• Historically high inflation is spurring interest rate increases, but for most people, this isn’t the albatross it’s made out to be. For one thing, inflation is expected to diminish late this year or early next as supply chain bottlenecks ease and the current labor shortage abates. For another, those harping on inflation like to cite rising fuel costs, though the average American household spends only about 12% of its budget on food and energy combined. So current inflation has a relatively small impact on these people. But that hasn’t stopped rising gas prices from becoming part of the current gloom-and-doom quotient.

  • Financial media is laser-focused on Fed watching, on the assumption that its monetary policy changes to fight inflation—interest rate increases and paring the balance sheet of purchased debt—will bring on recession. While extremely difficult, the Fed’s task isn’t impossible. And even if the Fed’s actions do trigger recession, it probably won’t be anything like the Great Recession of 2007-2009, which was almost a depression.If, as widely expected, the Fed incrementally increases the Fed funds rate to 2.75% or 3% this year, this will still be a fairly low level historically. Companies will still be able to borrow money cheaply to finance R&D and propel growth. One reason the Fed’s actions to raise rates and reduce its balance sheet are so widely viewed as negative, says Randall Kroszner, an economics professor at the University of Chicago and former Fed governor, is that the Fed “hasn’t taken away the [stimulus] punchbowl in 25 years. Not many people in the markets have seen this, so it’s a tricky thing politically.”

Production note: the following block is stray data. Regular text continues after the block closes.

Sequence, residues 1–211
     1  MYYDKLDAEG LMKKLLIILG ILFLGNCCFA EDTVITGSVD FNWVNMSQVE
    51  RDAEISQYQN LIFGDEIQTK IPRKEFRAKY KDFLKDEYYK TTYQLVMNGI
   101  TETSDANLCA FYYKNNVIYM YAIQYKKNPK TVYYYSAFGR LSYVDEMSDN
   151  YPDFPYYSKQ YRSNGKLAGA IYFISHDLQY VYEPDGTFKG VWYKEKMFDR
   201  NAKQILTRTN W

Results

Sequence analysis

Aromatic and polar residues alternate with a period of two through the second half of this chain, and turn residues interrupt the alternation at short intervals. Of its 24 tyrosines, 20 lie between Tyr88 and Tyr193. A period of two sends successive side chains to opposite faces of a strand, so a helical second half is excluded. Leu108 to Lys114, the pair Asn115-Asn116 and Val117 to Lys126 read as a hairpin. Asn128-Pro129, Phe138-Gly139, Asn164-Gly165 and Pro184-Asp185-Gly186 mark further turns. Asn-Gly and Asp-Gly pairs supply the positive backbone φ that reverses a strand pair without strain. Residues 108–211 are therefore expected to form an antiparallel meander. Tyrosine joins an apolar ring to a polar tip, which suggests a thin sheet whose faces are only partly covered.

• Even with a substantial bounce from current levels, the overall market will still post a much lower return this year than last—perhaps low single digits. But you just can’t get 20%-plus every year, as we did in 2021. The market is characteristically up and down but, over long periods, nearly always up on average. That’s the rationale for long-term investing in a nutshell.

  • What makes projections of much lower returns this year hard for a lot of people to accept is their mistaken belief that we’ve had a continuous bull market since 2009. But this just isn’t the case. We had a short bear market in late 2018/early 2019, and of course, starting in March 2020, there was a brief bear market along with a brief recession from the impacts of pandemic lockdowns. So far this year, a lot of air has already come out of much of the market. The average S&P 500 stock has already declined more than 20% from its 52-week high, a sort of rolling bear market. In fearing a bear market, many people are fearing much of what has already happened.

  • For good measure, crisis predictors like to end their litany of negatives by mentioning the war in Ukraine. Though the war is profoundly unfortunate, with many civilian lives lost, it's not depressing stock values much, so it would be a mistake to sell stocks just because of the war. Though the wars around the world don’t usually drive the U.S. market down, investing toward the end of wars is usually a good move because the cessation of hostilities is often an upward catalyst. There may be some buying opportunities as the Ukraine war concludes. Of course, that may not be for months or even years.

Long-Term Forces

So powerful is the current sense of doom that investor sentiment stemming from it may be pushing down the market a little in a bit of a fait accompli. To the extent that this is happening, when the market eventually rises, it could spring back all the more after these fears diminish. And likely pushing it up from there would be existing long-term forces, including the digital revolution, which has not only driven the growth of tech stocks in recent decades but the overall market as well.

This article was originally published by sister publication Medical Economics.